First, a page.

The North Dakota Secretary of State’s Office and Grand Forks Democratic lawmakers are drafting separate bills to tweak the state’s voter identification law. The proposed legislation comes after reports of people being turned away from the polls on Election Day due to identification problems. This year marked the first major election since North Dakota passed a law in 2013 that removed the option to sign an affidavit, allowing voters who didn’t have proper ID to swear under the penalty of law that they are eligible to vote. Jim Silrum, deputy secretary of state, said Friday a proposed bill would allow someone with an acceptable North Dakota ID that doesn’t have an up-to-date address to use things like a bank statement, bill or U.S. Postal Service change of address form dated 30 days prior to the election to show a current address. “The legislation being drafted is trying to provide an option for those individuals that have not (updated their identification), that they can fall back on something else,” Secretary of State Al Jaeger said. “This is what we heard (and) this is how we’re trying to respond to address those situations.”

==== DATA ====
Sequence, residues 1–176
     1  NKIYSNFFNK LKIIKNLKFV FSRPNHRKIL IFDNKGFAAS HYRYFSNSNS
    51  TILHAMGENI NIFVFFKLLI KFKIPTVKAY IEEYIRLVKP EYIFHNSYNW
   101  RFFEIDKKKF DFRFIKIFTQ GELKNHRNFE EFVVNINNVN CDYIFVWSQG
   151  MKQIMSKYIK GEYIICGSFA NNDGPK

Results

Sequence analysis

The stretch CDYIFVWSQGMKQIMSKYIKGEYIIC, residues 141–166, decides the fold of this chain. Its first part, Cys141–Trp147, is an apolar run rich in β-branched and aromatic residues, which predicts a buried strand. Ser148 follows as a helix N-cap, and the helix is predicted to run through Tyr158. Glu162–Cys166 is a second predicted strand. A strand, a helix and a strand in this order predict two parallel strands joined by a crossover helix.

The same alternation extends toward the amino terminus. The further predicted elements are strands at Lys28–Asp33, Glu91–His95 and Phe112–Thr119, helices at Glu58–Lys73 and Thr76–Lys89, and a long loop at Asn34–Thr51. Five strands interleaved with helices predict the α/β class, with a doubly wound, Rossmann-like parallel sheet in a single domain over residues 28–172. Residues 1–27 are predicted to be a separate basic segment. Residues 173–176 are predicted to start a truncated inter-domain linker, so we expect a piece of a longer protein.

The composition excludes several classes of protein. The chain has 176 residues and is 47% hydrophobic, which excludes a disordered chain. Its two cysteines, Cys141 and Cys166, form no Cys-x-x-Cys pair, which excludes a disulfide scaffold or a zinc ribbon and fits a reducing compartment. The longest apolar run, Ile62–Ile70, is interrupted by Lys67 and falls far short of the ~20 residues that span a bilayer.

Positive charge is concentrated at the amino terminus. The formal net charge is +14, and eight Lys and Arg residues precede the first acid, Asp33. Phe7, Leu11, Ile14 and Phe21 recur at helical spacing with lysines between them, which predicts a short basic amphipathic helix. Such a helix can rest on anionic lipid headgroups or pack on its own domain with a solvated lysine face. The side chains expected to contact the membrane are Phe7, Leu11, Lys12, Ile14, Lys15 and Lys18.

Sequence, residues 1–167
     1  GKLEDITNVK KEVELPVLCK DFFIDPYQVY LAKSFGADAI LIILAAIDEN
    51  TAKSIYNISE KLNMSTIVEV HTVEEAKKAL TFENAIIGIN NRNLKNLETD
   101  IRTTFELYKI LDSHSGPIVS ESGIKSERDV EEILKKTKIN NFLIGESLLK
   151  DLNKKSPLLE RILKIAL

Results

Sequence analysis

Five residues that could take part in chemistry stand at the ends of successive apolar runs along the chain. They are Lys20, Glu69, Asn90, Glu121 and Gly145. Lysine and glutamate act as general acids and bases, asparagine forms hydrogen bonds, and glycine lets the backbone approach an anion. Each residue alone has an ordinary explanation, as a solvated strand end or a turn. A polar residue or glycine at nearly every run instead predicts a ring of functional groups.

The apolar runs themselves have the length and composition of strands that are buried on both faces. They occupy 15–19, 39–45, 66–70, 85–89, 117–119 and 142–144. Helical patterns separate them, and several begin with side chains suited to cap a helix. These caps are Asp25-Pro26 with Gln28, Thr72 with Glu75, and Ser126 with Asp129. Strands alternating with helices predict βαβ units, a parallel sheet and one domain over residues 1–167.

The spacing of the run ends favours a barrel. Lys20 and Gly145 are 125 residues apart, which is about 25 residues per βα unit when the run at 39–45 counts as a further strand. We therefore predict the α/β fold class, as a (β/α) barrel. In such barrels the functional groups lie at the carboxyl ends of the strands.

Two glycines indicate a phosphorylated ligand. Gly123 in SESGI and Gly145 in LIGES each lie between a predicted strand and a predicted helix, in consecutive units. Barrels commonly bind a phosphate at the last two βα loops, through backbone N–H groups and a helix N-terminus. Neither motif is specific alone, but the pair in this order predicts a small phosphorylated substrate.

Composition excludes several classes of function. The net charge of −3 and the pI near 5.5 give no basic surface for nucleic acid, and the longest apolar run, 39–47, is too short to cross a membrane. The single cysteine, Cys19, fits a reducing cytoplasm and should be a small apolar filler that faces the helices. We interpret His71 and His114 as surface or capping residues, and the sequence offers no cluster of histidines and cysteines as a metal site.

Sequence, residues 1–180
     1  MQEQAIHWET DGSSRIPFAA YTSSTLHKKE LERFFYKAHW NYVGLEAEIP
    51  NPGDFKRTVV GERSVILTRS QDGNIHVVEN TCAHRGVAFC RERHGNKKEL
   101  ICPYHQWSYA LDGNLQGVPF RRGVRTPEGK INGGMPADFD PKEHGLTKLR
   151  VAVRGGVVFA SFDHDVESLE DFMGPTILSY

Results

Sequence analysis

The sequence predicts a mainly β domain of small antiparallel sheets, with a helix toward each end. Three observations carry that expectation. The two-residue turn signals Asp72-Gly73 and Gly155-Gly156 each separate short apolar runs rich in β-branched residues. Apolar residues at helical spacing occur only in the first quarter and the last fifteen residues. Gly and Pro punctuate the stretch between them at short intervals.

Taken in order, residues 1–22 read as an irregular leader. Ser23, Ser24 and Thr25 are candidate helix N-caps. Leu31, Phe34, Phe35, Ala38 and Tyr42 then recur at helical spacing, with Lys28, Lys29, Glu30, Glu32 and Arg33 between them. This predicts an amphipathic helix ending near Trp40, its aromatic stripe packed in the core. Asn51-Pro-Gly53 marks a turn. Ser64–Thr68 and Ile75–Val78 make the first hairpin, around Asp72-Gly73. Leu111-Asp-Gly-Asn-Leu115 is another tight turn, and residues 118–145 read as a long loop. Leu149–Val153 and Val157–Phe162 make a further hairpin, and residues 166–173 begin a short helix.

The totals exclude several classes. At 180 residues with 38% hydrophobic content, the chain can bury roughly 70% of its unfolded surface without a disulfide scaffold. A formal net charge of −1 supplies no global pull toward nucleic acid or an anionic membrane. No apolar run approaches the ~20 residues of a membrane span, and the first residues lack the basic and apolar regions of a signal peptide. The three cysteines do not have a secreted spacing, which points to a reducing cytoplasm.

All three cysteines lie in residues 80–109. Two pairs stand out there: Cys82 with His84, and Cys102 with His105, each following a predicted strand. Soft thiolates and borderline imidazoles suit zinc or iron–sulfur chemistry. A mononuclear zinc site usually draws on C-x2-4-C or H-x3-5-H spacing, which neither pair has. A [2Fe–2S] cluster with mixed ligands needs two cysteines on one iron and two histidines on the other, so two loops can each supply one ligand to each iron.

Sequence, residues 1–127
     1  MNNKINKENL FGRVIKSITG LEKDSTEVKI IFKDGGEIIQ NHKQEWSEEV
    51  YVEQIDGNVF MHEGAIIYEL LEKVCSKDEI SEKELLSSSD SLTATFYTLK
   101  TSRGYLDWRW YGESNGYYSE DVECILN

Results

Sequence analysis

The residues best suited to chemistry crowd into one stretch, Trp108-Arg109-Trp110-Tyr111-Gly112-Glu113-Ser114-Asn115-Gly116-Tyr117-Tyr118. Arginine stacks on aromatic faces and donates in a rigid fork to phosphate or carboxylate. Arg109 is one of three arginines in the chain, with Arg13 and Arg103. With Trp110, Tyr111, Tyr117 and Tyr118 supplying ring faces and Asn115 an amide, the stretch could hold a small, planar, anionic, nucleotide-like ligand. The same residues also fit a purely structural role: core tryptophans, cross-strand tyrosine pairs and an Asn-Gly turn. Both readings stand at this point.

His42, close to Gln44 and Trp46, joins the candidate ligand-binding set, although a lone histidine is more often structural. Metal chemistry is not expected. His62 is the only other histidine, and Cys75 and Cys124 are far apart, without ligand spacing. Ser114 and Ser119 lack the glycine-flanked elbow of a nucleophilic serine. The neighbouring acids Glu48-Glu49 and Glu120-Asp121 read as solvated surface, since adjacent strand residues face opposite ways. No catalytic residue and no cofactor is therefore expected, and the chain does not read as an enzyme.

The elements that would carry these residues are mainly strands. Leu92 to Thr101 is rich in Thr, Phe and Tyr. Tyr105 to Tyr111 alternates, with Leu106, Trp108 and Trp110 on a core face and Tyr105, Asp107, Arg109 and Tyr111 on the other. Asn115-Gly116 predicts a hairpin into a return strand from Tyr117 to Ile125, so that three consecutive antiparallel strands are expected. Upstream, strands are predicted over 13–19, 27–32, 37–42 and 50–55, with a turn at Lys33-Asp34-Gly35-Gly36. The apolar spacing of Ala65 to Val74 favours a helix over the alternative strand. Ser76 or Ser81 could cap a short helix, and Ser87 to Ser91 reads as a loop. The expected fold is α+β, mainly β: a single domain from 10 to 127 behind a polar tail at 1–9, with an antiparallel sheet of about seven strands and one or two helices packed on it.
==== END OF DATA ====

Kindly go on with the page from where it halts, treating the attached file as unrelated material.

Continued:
Meanwhile, Senate Minority Leader Mac Schneider and Rep. Corey Mock, the 2010 Democratic candidate for secretary of state, said this week they planned on introducing legislation allowing for people without sufficient ID to vote with a provisional ballot. Both lawmakers represent District 42, which includes the area around UND. Some of the identification problems that arose on Election Day had to do with students not having their current address on their IDs.
Provisional ballots would not count until voters have proved they are eligible voters for a particular precinct. A vote cast using an affidavit was automatically counted, Schneider said.
It remains to be seen what, if any, support either proposal will have in the upcoming session that begins Jan. 6. Senate Majority Leader Rich Wardner, a Dickinson Republican, said he’s reserving judgment until he learns more about what happened on Election Day. “If we have to change the law, then we will have to change the law,” he said. “To me, it’s not acceptable that we would have people who are legitimate legal voters not be able to vote.”